Welcome back to the herd: Joseph Davis

Former resident and large animal surgeon appointed clinical assistant professor in the Department of Clinical Sciences
Man wearing a short sleeve polo shirt, hands in his pockets, beard and mustache, smiling while posing for a photo
Large animal surgeon Joseph Davis joined the Department of Clinical Sciences in November as a clinical assistant professor. Photo: Joe Davis

Hailing from the state of Washington, large animal surgeon Joseph Davis (he/him) was appointed in October as a assistant clinical professor in the Department of Clinical Sciences at Cummings School of Veterinary Medicine at Tufts University, where he previously completed a residency in large animal surgery at the Hospital for Large Animals.

“The residency here was attractive due to the reputation of its hospital and its research,” Davis explains. Those reasons, and more, made Cummings School a desirable place to work. “My familiarity with the School, the state-of-the-art equipment available, and a steady clientele and caseload were other factors to return as a faculty member.”

Following his residency, Davis served for a year as a clinical instructor of large animal surgery at the University of Wisconsin, where his wife, Vanessa Yang, was finishing her residency. When Vanessa also landed a position (as a veterinary ophthalmologist) at Cummings School this fall, it worked out perfectly for them. “We like New England, which grew on me while I was a resident. We’re both from the West Coast so we are happy to settle on one of the coasts,” he shares.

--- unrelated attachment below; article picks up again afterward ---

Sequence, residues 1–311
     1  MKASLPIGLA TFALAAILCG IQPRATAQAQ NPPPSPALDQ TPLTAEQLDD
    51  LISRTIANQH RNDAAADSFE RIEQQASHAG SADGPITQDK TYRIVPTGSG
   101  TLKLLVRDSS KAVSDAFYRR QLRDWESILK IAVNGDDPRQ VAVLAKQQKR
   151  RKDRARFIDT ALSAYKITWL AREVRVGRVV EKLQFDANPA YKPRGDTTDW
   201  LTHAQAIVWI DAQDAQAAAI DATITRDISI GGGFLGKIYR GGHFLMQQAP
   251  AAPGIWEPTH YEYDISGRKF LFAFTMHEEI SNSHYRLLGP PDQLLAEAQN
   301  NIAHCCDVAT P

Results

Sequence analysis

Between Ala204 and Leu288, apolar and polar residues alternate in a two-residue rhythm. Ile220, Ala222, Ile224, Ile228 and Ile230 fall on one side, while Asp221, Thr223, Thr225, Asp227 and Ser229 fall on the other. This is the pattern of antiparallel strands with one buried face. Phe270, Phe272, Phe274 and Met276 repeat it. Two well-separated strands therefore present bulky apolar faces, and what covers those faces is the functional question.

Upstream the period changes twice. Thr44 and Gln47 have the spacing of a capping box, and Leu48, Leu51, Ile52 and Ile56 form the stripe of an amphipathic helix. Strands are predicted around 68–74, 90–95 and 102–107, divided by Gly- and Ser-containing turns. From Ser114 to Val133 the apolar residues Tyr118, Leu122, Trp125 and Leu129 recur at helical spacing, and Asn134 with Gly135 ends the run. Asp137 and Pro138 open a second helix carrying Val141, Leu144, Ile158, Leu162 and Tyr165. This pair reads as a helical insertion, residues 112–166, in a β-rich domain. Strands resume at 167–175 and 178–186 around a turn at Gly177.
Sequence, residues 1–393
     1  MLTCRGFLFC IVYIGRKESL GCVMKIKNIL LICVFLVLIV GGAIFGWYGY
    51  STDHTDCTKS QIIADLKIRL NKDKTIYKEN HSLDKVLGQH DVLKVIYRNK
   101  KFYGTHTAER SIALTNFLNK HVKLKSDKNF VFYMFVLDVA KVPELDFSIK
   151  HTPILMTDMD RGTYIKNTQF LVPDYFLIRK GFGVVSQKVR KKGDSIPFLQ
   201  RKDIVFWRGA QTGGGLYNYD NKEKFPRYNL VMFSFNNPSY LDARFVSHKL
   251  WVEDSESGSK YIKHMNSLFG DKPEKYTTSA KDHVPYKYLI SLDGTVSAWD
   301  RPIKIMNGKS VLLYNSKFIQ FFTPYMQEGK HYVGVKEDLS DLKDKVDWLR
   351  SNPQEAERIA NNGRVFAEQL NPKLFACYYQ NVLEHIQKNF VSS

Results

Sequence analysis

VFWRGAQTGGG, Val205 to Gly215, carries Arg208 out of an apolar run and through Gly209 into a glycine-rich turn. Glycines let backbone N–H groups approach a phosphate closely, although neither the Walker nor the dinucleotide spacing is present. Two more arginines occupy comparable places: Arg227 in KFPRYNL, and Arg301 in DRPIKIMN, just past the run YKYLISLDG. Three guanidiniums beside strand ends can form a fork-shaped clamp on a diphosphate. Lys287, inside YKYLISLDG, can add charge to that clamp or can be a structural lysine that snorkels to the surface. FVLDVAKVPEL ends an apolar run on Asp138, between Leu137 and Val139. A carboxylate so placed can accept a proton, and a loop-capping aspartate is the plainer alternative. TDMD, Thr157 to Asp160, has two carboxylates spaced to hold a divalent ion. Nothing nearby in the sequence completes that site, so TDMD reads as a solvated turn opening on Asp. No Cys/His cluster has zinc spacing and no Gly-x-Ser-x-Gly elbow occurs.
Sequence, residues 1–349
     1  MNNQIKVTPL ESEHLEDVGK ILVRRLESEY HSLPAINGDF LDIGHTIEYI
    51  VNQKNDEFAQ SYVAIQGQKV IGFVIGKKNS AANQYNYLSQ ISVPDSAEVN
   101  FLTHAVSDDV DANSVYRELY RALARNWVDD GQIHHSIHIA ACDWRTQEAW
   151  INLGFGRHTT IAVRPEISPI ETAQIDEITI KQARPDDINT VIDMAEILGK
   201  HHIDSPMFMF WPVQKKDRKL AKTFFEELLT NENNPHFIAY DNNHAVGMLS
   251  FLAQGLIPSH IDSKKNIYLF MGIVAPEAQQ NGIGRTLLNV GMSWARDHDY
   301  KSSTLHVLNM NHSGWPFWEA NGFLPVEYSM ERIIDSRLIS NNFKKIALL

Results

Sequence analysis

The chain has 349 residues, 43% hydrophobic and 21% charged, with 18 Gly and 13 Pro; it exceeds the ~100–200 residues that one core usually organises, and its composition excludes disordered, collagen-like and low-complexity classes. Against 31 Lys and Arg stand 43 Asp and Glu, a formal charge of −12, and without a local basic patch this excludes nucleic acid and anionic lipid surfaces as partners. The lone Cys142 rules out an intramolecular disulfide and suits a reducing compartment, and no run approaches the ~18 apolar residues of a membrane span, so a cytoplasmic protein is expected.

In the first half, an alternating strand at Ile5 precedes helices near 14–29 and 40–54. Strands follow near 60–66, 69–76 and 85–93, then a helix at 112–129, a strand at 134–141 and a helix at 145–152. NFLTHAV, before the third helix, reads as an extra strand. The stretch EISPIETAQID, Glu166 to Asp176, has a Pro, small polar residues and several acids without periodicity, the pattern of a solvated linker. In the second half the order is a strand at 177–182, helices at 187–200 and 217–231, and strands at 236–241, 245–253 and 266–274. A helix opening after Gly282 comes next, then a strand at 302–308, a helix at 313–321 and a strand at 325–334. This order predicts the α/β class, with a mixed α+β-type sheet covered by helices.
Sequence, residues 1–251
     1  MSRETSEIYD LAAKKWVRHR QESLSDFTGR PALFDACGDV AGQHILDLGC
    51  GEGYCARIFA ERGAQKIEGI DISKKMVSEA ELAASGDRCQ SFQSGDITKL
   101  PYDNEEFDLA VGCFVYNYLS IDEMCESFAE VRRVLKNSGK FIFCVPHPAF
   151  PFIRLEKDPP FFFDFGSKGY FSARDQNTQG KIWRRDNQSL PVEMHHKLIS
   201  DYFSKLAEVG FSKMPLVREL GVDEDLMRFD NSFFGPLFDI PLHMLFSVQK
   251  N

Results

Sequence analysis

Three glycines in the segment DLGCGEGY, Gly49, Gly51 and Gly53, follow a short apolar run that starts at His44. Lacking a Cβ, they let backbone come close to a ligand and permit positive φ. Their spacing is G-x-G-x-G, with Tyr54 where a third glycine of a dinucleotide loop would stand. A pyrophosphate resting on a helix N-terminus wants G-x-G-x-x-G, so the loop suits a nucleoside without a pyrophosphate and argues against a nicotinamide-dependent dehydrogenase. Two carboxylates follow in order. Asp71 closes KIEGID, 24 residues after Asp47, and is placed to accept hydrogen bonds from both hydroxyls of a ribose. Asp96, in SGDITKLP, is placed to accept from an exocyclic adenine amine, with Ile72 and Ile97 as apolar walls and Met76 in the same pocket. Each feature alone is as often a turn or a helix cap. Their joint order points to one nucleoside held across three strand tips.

“The opportunity to conduct research, supported by the school, and the collaboration with colleagues from many different fields are pretty unique to universities, and very rare in private practice,” he says. “And I really enjoy working with the students. They’re excited when they get to do new things and as a recent resident it’s fun to share what I went through and what I learned from it.”

Despite joining the School mid-semester, he is helping with the large animal surgery labs and teaching in the Principles of Surgery course. Davis eagerly awaits participating in upcoming research projects and surgery. 

“We’re doing some free pilot studies, proof of concept and grant applications to get those rolling, but I’m also getting to know my colleagues better, to help them get acclimated, and to do as much surgery and assist as many animals as I can.”